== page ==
Before I get to number one…
Guilty Pleasure Episode: “Spock’s Brain”
Universally accepted as the worst of all the TOS episodes, “Spock’s Brain” is so bad from beginning to end that you can’t stop watching it even though you know you’re going to lose ten IQ points just for having it on the TV in the first place.
Aliens steal Spock’s brain – literally. Remove that sucker from his Vulcan cranium and use it as a sort of a central operating computer for their planet or ship or whatever. His brain is running heating, air conditioning for the society. Hell, it’s probably doing the laundry too, but that’s not the worst of it.
McCoy hooks up some sort of device around Spock’s head so he can walk around by remote control. (Even as kid, I thought this was the dumbest thing ever. So far, I have yet to find anything worse.) Later on, of course, they find Spock’s brain and McCoy has to reattach it. But he forgets how in the middle of surgery and Spock, brain half in and half out, talks him through it.
Awful. Just plain ridiculous. But if it’s on, I’ll watch it.
1. “The Doomsday Machine”
Reread the first sentence of #2 above. I’ll wait.
This is another one where we see another ship of the line, in this case, the USS Constellation, severely damaged and adrift near the remains of a star system. The lone survivor is Commodore Matt Decker played expertly by William Windom. Decker’s beamed his crew down to the third planet of the system in the hope of saving them from death from a gigantic robotic planet killer. By the time Kirk and the Enterprise arrive on board Constellation after receiving its automated distress call, there is no third planet anymore and no crew. And Decker is just sick about it. Literally.
Decker is beamed aboard the Enterprise and as senior line officer, assumes command there against Spock’s wishes. Decker proceeds to put the Enterprise in harm’s way in the hope of destroying the planet killer, as he was unable to do with his ship.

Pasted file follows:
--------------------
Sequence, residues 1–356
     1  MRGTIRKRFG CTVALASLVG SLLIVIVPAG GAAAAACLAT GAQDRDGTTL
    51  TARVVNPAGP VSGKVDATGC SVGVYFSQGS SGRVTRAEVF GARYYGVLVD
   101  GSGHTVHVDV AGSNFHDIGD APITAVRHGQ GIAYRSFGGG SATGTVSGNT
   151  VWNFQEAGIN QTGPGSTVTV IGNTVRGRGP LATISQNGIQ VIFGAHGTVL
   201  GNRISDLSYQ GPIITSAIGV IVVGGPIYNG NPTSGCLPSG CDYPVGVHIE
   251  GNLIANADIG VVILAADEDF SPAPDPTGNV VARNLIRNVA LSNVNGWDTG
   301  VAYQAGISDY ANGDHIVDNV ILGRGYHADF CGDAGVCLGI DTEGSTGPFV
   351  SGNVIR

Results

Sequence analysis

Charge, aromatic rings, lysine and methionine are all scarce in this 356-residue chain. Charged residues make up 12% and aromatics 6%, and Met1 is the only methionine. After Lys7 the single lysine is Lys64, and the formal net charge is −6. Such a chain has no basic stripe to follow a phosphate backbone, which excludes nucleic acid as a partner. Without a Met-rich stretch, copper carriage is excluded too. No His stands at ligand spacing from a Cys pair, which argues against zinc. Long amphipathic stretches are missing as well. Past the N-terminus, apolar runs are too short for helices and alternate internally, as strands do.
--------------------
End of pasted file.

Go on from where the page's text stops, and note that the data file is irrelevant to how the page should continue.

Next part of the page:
This is the one episode that I watch all the way though from beginning to end every time. It’s got everything: another starship, an unbeatable enemy, ship-to-ship combat, Kirk and the away team in grave danger. When Kirk flips the switch giving him 30 seconds to beam away from the Constellation before it explodes inside the Doomsday Machine, it’s nail-biting action as the transporter fails while the clock literally ticks down the last seconds until the Constellation is destroyed with Kirk still aboard.
William Windom as Commodore Matt Decker
Windom’s Matt Decker is completely over the top and huge at times, but it is spot on for the circumstance and he is a compelling presence. He owns the screen whenever he’s on it. This is probably why he was such a big part of 60’s and 70’s television. William Windom had a long and distinguished career and even reprised his role as Commodore Decker in 2004 for “Star Trek New Voyages: Phase II.”
This is to my knowledge, the only episode of the original series in which pay for service in Star Fleet is mentioned:
“If I only had some phasers.”
“Phasers? You got ’em. I have one bank recharged.”
“Scotty, you’ve just earned your pay for the week.”
– Kirk and Scott, as the Enterprise is pulled closer to the doomsday machine
This may not be the best Star Trek episode from the original network run, but it is unquestionably my favorite and always has been. Toledo, Ohio only had two TV stations in the mid 60’s (WSPD and WTOL) and they shared the NBC affiliation. Star Trek was not one of the NBC shows that made it on the air in Toledo back then so I wasn’t able to see very many of the original NBC episodes unless I went to my grandparents’ house. (They had cable TV that carried Cleveland and Detroit stations.) This is one of the episodes I remember seeing on NBC during its original run. I remember this line from the trailer and from the episode as well:
“Gentlemen, I suggest you beam me aboard.” – Kirk at about T minus 5 seconds
Well, there you have it! My ten favorite episodes from the original 79 of Star Trek. Comments? Leave ‘em here. I’d love to hear about your ten favorites.
Tomorrow the aforementioned Frank Simons, actor, occasional Reuters journalist and Star Trek Genius, will be guest blogging his top ten. Read it. That’s an order.
* I would be remiss were I to fail to acknowledge the hospitality of one Thunder Levin, also a HUGE Trek fan who hosted me and my then spousal unit at his Santa Monica abode for the debut of Star Trek: Enterprise. Thunder is an accomplished writer and director who recently wrote a couple of things, movies, actually, involving sharks in tornadoes – something like that – you may have heard about it. At the time, Anthony Montgomery, who played Ensign Travis Mayweather on Enterprise, lived in my apartment building in Los Angeles. Good guy!